Google’s Secretive Fuchsia OS Now Gets A User Interface

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Google already has two popular operating systems in the market, Chrome OS and Android, but that isn’t stopping it from working on a third. This third operating system, which first came into the limelight last year, is an open source, real-time OS called Fuchsia, and now, we have some new information on it.

Google ditching Linux

The first information about this third OS popped up in August 2016, but after that there was not much information on it. Now, according to Ars Technica, Google’s secret project has a new user interface (UI) which is a card-based design for managing multiple applications. The new user interface, which was first spotted by, is code-named Armadillo. It enables cards to be dragged around and used in a split-screen format.

Apps and the interface for the OS are written using the Flutter SDK, a project that produces cross-platform code that runs on iOS and Android. Flutter apps are written in Dart, Google’s reboot of JavaScript which focuses on high-performance 120fps applications on mobile.

Unlike Chrome OS and Android, Google’s new Fuchsia OS is not based on Linux. The new operating system uses a new, Google-made microkernel called Magenta. The search giant is not just ditching the GPL with this new operating system but is also ditching the Linux kernel. Fuchsia is licensed under a mix of MIT, Apache 2.0 and BSD 3 clause, notes Ars Technica.

It might come as a shock to some that Google is ditching Linux, but the search giant appears to have no desire to keep up with the upstream Linux releases. The Google Pixel is stuck on the almost 3-year old Linux Kernel 3.18.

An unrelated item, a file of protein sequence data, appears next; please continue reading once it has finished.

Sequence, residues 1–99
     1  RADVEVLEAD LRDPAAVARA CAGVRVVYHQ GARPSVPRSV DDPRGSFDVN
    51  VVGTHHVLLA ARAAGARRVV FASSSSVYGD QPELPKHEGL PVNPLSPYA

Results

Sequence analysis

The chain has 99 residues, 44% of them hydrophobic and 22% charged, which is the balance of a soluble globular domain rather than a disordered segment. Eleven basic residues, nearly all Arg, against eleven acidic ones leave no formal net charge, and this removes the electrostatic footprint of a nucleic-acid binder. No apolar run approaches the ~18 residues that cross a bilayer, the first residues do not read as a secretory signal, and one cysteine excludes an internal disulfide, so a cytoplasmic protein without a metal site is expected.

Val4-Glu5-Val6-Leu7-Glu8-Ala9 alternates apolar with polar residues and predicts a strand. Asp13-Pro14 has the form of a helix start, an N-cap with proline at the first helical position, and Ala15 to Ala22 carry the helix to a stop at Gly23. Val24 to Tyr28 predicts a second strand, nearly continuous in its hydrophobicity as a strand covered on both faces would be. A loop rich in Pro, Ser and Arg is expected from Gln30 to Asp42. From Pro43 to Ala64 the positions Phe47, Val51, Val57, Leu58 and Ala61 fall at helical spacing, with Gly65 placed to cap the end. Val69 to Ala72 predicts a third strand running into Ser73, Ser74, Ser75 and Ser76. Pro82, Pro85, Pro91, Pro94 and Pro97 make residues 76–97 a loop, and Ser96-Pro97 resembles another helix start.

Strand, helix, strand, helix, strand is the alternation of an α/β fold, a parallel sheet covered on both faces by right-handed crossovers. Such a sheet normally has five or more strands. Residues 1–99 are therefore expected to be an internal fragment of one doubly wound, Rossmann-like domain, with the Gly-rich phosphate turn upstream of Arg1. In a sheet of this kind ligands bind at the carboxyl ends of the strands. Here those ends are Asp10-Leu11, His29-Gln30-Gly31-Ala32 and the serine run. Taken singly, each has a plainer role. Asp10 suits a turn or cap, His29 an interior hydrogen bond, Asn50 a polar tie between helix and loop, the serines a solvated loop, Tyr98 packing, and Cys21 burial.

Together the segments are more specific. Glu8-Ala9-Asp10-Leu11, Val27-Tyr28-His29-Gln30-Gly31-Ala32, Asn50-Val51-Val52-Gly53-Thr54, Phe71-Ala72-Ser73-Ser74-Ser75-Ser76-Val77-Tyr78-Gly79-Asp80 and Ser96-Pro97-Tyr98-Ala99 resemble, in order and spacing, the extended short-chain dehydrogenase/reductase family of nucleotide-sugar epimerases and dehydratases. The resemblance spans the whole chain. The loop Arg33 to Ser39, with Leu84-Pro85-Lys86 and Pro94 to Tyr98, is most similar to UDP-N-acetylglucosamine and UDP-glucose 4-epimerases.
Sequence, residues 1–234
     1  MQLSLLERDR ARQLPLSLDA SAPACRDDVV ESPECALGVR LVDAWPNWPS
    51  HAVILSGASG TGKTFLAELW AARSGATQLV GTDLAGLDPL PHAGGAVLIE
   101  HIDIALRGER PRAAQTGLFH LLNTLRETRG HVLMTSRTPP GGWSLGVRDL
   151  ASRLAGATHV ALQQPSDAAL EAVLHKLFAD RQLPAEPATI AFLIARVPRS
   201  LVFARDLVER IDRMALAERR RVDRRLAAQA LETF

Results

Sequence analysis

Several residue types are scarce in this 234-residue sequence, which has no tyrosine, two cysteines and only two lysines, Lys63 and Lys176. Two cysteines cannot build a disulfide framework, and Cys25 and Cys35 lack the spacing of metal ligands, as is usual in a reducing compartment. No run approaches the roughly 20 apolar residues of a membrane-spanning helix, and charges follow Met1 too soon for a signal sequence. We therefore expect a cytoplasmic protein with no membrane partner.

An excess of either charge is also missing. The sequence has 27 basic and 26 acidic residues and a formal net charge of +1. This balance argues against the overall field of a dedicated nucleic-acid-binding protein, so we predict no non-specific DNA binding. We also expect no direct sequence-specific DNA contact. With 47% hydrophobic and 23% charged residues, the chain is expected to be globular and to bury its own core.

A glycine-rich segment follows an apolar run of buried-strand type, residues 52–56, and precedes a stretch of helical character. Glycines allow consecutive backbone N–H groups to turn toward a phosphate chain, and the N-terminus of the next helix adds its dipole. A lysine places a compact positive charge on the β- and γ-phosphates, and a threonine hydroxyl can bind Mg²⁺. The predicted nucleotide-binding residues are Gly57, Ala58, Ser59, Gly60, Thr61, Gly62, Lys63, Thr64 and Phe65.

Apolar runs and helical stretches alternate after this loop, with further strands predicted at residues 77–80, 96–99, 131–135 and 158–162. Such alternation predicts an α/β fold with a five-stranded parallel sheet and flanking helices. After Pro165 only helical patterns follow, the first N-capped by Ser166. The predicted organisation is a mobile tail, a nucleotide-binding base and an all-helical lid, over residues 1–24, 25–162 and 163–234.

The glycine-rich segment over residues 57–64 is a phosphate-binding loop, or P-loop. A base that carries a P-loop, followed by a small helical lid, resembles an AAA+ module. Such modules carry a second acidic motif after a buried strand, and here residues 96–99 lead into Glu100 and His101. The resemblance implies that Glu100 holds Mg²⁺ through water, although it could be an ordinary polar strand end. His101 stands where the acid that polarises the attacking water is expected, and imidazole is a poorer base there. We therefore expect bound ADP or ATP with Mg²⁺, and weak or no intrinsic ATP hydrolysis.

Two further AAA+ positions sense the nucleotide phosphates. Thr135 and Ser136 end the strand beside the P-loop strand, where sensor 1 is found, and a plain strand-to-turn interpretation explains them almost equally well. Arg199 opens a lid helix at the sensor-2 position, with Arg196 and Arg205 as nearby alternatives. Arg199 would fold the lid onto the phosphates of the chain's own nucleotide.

What is the Fuchsia OS and when is it coming?

Google so far has not made any official comments on what the third operating system is for or why it exists. It vaguely describes Fuchsia as an operating system designed for “modern phones and modern personal computers.” Magenta has been described as targeting modern personal computers and modern phones with “fast processors, non-trivial amounts of RAM with arbitrary peripherals doing open-ended computation.”

Releasing a new mainstream operating system is difficult, but we are talking about Google here, which has already registered success with both Chrome OS and Android. Consumers may look satisfied with Android, iOS, MacOS or Windows, but there is always some space for improvement on things like greater responsiveness, better battery life and stronger security, notes CNET, and Google could be purely targeting those things.

Google’s new OS is still in its early stages. Android took about five years to be launched as a real product. If Fuchsia follows the same trend, we may expect this third OS sometime around 2020, provided that everything goes well. There is always a chance that it will never show up as a real product, but considering the fact that the tech giant has been adding to Fuchsia over the last few months, we may get to hear more about the third OS soon.

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